Upworthy’s Original Content Pays Off

Upworthy OriginalUpworthy lives in a “post-page view and post-impression era,” according to founder and chief executive Eli Pariser.

While many digital publishers try to rack up enough unique visitors to warrant a spot on a media plan, and advertisers pay on impressions, Upworthy is trying to look not just at reach but also engagement.

Since 2014, it’s focused on “attention minutes,” or amount of time spent engaging with content.

At the beginning of the year, it realized that in order to improve the amount of time spent with its content, Upworthy needed to excel not only in repackaging stories but also in creating original content itself.

It hired editorial director Amy O’Leary, in January 2015, to lead that shift. She re-focused the editorial team from repackaging content to producing original content. In March, O’Leary clamped down on clickbait.

Headlines that used to read, “Watch This On A Day When The Earth Feels Broken. It Proves We Can Find Beauty In Broken Things” were replaced by those that tamped down the drama, like “My dad has Parkinson’s disease. Taking a trip with him one weekend taught me a lot.”

The shift to original content and more muted headlines changed the way readers interacted with the site. Visitors who engaged with content for 15 seconds or more went from 71% in March to 80% in November.

“We’ve done a lot of polishing on our headlines,” Pariser said. “The people who are hitting the page are hitting it because they want to read the story.”

Yet, unique visitor growth was less consistent, which is typical for a viral publisher like Upworthy that tends to have an uneven distribution of home runs, Pariser said. It was also moving away from viral articles.

In March, unique visitors stood at 16.7 million, the second-lowest traffic month in the past nine months. Those numbers continued to decline to the 13 million range in May and June (the same months in which attention minutes spiked upward), before picking back up again. In November, Upworthy closed out the second month in a row with 20.9 mlllion uniques.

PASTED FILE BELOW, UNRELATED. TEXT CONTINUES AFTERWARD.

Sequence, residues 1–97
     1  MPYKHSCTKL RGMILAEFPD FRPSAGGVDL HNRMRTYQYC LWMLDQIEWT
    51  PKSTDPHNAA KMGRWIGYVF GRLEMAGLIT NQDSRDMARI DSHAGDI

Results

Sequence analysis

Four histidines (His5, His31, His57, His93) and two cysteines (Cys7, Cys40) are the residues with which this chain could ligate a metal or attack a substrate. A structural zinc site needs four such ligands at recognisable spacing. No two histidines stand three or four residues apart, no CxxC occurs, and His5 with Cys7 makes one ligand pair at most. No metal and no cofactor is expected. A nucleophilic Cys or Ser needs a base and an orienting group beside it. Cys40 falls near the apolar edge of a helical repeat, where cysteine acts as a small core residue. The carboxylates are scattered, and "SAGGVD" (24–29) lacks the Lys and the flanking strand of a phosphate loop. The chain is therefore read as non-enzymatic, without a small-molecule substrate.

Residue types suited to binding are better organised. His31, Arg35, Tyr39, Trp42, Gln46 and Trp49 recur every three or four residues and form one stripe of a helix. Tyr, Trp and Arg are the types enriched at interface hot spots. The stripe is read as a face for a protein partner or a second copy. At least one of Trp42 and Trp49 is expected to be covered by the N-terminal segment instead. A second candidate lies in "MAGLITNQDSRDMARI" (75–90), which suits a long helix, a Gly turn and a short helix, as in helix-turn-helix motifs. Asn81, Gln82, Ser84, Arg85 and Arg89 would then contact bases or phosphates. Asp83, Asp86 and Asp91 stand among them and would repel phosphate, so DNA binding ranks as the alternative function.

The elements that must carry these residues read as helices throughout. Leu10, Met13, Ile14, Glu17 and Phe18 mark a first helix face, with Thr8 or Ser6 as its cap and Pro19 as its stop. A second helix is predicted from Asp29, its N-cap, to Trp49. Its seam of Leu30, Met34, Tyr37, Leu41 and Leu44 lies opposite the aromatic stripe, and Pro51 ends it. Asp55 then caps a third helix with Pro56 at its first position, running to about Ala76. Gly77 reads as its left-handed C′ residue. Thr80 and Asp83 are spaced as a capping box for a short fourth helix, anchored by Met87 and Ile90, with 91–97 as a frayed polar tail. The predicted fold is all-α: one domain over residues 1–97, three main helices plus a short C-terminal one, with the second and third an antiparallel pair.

Unique visitors and attention minutes “are on separate axes,” Pariser said. “One is breadth, one is depth.” The challenge is making both rise without sacrificing one or the other.

With a greater focus on articles that keep readers engaged longer, Upworthy hopes to continue to attract brands.

“More marketers are trying to figure out how to speak to values and a sense of purpose, especially with millennials,” Pariser said, noting that a shared sense of purpose drives consumer spending with that brand.

The same insights Upworthy uses to create original content and repackage stories on the editorial side apply to sponsored pieces, which often perform at least as well as editorial ones.

“There was a day last week where all top three native pieces on the site were sponsored,” Pariser said. “That’s great, because it’s delivering for our audience and our partners.”

Readers who engage with sponsored content change their mind about the brand. It’s conducted third-party studies that show its sponsored posts can “shift opinions for months or longer,” Pariser said. “That’s what you want as a brand. Something that’s memorable, emotional and sticks with you.”

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